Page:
After a Car Wreck, a Local Man Survived ’18 Hours of Cold Hell’
“It was dark and there was like slushy snow on the ground,” he told us from his bed where he’s recovering. “Me and my two dogs–a blue heeler and a black lab–were in the cab.”
About halfway between Wildwood and Hwy 3, Porter said he saw a black suburban that was brand new but all muddy coming towards him. There were rocks in the road so the vehicle swerved into his lane but went back into theirs in time. “But, right behind them was a…I think it was a white Dodge…between a 2010 and a 2014. It just looked like a hill truck, a nice truck maybe a headache bar or a light bar.” Porter, who has a major concussion that can cause memory problems, says they were in his lane and he doesn’t know if they hit his truck or if he just swerved to avoid them.
In any case, he came to inside his truck (he later heard the pickup was 410 feet down a steep hillside) near a creek. “When I woke up, I’m thinking well this isn’t a good spot to be,” he explained. “I got to get the hell out of here. [The truck] was making all sorts of weird noises…I could hear a lot of noise and there was falling debris. [The truck] kept rolling. There was smoke and diesel.”
Having recently seen a pickup that wrecked catch fire and burn quickly, Porter feared he might die. “I’m going to get out of here or I’m going to burn to death,” he thought. “I cut my seat belt…[I used a] seat belt cutter my mom gave me a few years ago. It’s on my right seat belt plug in.”
Porter said the door was jammed. “I had a lot of blood on [my] hands and couldn’t open [the] door…Cause it was smashed shut,” he explained. “It was all very confusing.”
In the thick darkness and reeling from the accident, Porter said he was disoriented. “My lab was right on me. My heeler was scared and run off. But she came back.”
After sitting for a bit, Porter took stock. “I had broke my front and my back tooth,” he explained. “My mouth was full of blood and dirt.” He also said his ear was “ripped apart” and side of his face was badly scratched up.
Porter said he fumbled his way to a creek. “I washed the blood and dirt out of my mouth.” But in doing so he fell in the water. With snow on the ground, he now was getting colder fast. He had lost his cell phone in the crash but he did have his hunting jacket on with a can of sardines in one pocket and spam in the other. One pocket also had a flashlight.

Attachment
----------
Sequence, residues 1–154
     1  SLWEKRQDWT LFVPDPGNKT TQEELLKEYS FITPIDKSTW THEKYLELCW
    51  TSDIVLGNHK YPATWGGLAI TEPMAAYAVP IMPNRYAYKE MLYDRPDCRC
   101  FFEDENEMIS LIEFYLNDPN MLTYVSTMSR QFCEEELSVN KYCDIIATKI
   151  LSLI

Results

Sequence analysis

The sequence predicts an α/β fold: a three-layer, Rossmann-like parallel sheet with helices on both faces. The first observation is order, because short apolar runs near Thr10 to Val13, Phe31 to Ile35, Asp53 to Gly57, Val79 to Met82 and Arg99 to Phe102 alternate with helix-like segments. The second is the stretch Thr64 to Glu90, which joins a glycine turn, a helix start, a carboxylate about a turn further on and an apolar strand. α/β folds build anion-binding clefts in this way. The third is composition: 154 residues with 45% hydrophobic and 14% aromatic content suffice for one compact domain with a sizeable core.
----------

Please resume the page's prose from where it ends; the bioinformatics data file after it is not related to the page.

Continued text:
Even as disoriented as he was, Porter said he knew he needed to leave clues for searchers if he left the area, but he was afraid to stay still as he was so cold. In addition, he thought he heard emergency vehicles in the distance and thought he walk towards them. “I found a big log with no bark and I wrote in blood an arrow pointing downstream so they’d know which way I went,” he explained. “I thought I heard sirens. I started walking towards them.”
He stumbled his way downstream with a flashlight from his pocket that was dimming but discovered what he had thought were sirens were coyotes calling. But, here he thought he might have found something to help. There was signs of an old marijuana grow. He poked around and found a duffle bag with clothes but unfortunately they were soaking wet. He strung these out in hopes they would provide clues on where he had gone.
As he moved, he said he tried to keep breaking branches.
Eventually, he sat. “One of the dogs–my heeler–wanted to play fetch and kept bringing me sticks…. I had a lighter so I built a fire.”
At first he felt hope. He said, “I’m a hunter. I’m in good shape. I figure I’ll be alright. But, then it started snowing. Then it started sleeting. It started raining. My fire started going out.”
He said he thought, “I’m in trouble.” At first he tried to dig up under the brush. His lab came and snuggled him. “She crawled up under my neck between my hood and my neck. She was shivering and whining. She was freezing. She didn’t want me to go to sleep.”
And she wasn’t the only one. Porter’s girlfriend kept appearing. “Every time I closed my eyes, my girlfriend told me to wake myself get up and go home. She said, ‘You need to go home. You have a family.”
So Porter said he sat up. “And I had to start moving as I was soaking ass wet and I was cold….I crawled and walked.” He said he kept one hand on his lab–“I used her for search and rescue before.” He kept stumbling in the pitch dark and his lab would balk and whine if he started to go somewhere unsafe. “I walked and walked until I found a outcropping. I dug out with my hands and my dog dug with her paws until I could get my head dry under it. By that time it was 10 at night I guess.”
The two snuggled together. “My heeler was keeping watch in the pouring rain,” he explained. “I love the dogs they stuck with me through the night.”